Home » Reviews » Musicals » A Spoonful of Sherman, St James Theatre – Review
Credit: Ben Davies
Credit: Ben Davies

A Spoonful of Sherman, St James Theatre – Review

Pros: A great collection of childhood tunes performed by a wonderful company of engaging singers with a sprinkle of Hollywood history for good measure.

Cons: Dislike Disney? Then stay well away and don’t spoil the fun for everyone else.

Pros: A great collection of childhood tunes performed by a wonderful company of engaging singers with a sprinkle of Hollywood history for good measure. Cons: Dislike Disney? Then stay well away and don’t spoil the fun for everyone else. The new St James Theatre near Victoria station has a large auditorium (seating 312) and a smaller studio space (seating 120). The latter is intimate, on two levels and has its own bar. Things seemed a little disorganised on the evening I visited but then it was the only performance so some leeway must be given. Customers waiting for bar…

Summary

Rating

Good

Enjoy schmaltzy songs, Dick Van Dyke and singing orangutans? Then indulge in a trip down memory lane and worship at the shrine of Sherman.

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The new St James Theatre near Victoria station has a large auditorium (seating 312) and a smaller studio space (seating 120). The latter is intimate, on two levels and has its own bar. Things seemed a little disorganised on the evening I visited but then it was the only performance so some leeway must be given. Customers waiting for bar staff to arrive on the scene was less forgivable.

This one-night-only evening of cabaret was billed as ‘A Celebration of the Life, Times and Songs of Robert B. Sherman’ and was presented by his son, Robert J. Sherman, himself a successful song writer. The show was a tribute by this proud and loving son to his grandfather, Tin Pan Alley songwriter Al Sherman, and to his father and uncle’s song-writing team, the Sherman brothers. The brothers enjoyed a successful and illustrious collaboration with Walt Disney, amongst others, and created the musical scores for Mary Poppins, The Aristocats, Bedknobs and Broomsticks, The Jungle Book and Chitty Chitty Bang Bang, to name a few. They won two Academy Awards for Mary Poppins and went on to earn nine Academy Award nominations, two Grammy Awards, four Grammy Award nominations and twenty three gold and platinum albums.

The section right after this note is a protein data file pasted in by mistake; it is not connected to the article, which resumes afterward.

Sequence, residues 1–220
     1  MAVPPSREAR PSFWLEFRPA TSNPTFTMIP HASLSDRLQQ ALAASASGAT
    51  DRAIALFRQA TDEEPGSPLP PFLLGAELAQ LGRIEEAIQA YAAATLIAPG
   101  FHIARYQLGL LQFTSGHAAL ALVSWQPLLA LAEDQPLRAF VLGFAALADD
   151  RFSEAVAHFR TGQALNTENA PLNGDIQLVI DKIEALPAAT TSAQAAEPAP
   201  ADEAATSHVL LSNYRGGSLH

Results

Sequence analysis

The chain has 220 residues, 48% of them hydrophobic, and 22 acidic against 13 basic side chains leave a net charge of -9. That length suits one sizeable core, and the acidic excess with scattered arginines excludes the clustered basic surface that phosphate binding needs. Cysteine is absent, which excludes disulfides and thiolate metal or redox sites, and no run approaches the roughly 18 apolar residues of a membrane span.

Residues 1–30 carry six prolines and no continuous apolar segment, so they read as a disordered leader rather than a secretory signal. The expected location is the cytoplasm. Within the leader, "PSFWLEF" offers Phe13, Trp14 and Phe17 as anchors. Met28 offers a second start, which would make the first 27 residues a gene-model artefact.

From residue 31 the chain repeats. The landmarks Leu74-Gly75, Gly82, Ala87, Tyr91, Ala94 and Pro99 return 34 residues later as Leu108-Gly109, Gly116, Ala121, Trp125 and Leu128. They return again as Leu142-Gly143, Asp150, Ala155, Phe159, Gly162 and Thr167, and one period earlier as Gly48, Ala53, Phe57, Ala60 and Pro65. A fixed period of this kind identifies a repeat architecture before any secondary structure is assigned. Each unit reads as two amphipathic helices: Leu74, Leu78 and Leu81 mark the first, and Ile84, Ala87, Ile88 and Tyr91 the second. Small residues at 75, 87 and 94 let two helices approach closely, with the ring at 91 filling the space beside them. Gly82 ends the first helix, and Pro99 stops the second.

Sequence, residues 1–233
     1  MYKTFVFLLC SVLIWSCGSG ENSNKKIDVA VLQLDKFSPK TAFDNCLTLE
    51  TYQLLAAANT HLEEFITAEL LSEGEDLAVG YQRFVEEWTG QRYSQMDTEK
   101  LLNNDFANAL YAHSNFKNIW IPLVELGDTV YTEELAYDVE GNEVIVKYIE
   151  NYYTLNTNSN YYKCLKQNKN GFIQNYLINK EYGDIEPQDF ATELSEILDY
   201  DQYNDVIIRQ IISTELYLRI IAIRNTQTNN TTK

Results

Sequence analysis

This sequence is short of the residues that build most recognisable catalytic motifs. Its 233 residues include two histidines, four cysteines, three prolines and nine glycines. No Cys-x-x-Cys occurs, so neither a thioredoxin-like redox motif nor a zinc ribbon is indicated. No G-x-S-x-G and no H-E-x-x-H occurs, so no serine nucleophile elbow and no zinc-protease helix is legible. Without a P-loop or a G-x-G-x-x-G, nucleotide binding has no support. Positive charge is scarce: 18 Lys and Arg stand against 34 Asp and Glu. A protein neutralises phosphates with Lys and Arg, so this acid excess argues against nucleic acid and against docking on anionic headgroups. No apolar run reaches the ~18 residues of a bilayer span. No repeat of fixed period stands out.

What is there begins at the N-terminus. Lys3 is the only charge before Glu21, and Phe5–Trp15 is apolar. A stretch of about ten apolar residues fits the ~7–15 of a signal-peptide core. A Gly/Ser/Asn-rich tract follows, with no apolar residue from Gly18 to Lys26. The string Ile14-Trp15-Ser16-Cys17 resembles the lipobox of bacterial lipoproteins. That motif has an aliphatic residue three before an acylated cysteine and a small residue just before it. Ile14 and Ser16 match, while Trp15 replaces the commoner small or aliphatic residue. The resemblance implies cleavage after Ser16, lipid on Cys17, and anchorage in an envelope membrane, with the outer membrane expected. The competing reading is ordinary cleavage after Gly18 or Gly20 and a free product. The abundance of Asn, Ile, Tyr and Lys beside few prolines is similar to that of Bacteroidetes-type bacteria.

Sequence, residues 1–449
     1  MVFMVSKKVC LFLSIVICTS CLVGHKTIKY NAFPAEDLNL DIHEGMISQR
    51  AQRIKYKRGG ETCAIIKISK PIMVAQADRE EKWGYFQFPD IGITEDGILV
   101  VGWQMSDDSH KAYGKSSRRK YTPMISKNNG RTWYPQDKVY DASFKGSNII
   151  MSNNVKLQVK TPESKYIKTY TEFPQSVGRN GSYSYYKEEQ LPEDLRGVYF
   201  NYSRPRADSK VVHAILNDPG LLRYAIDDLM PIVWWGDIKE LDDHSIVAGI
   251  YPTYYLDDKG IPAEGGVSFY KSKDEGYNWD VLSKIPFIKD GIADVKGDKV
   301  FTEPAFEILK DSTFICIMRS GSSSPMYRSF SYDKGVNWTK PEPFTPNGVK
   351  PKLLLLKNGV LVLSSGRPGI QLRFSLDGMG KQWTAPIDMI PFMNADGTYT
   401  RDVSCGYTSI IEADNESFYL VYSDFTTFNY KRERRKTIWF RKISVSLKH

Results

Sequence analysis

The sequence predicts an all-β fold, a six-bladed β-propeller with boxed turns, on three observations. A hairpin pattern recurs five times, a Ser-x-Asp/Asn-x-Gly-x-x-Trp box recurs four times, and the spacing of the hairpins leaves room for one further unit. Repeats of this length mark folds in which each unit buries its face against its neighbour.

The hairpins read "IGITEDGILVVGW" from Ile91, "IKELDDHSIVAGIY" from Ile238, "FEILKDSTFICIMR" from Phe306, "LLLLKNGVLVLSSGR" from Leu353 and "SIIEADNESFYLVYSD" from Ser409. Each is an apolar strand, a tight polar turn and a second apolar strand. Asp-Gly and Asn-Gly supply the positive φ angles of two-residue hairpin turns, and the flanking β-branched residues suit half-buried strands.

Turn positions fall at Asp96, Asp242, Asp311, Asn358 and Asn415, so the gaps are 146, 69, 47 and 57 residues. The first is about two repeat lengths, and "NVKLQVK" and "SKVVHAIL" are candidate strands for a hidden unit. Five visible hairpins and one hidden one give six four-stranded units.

Mr Sherman led us through his rich family history, interspersed with musical interludes performed by four vocalists who brought the stories and songs vividly to life. Emma Williams and Stuart Matthew Price generally held court with the gentler ballads (‘Feed the Birds’, ‘Hushabye Mountain’) whilst Charlotte Wakefield and Greg Castiglioni were wonderful with the livelier tunes (‘A Spoonful of Sugar’, ‘Chim-Chim-Cher-ee’, ‘The Wonderful Thing about Tiggers’). With just a piano for backing the company took the audience on a whirlwind tour of childhood memories. Everyone seemed happy to go along for the ride with toes tapping and fingers clicking as we all romped through ‘I Wanna Be Like You’, ‘Me ‘Ol Bamboo’ and ‘Chitty Chitty Bang Bang’.

It was a nostalgic evening and although I think it would be fair to say that Mr Sherman was not entirely comfortable on stage, his pride and love were clear to see as he recounted memories of his family. He also included some of his recent works, which obviously don’t have the patina of time (yet!), but they continue the Sherman tradition and serve to bring us up to date.

The evening was a real treat for those able to summon their inner child and indulge themselves with melodies that are so familiar to us all. As you’d expect from anything with Disney links, life becomes unashamedly candy-sweet and rosy-cheeked. One gentlemen leaving ahead of me could be heard gently singing ‘Let’s Go Fly A Kite’ as he made his way home. Proof that the magic still works.

Songwriters: Al Sherman, Robert and Richard Sherman and Robert J. Sherman
Musical Director and Arranger: Colin Billing
Box Office: 0844 264 2140, boxoffice@stjamestheatre.co.uk
Booking Link: http://www.stjamestheatre.co.uk/
Booking Until: This was a one-off evening

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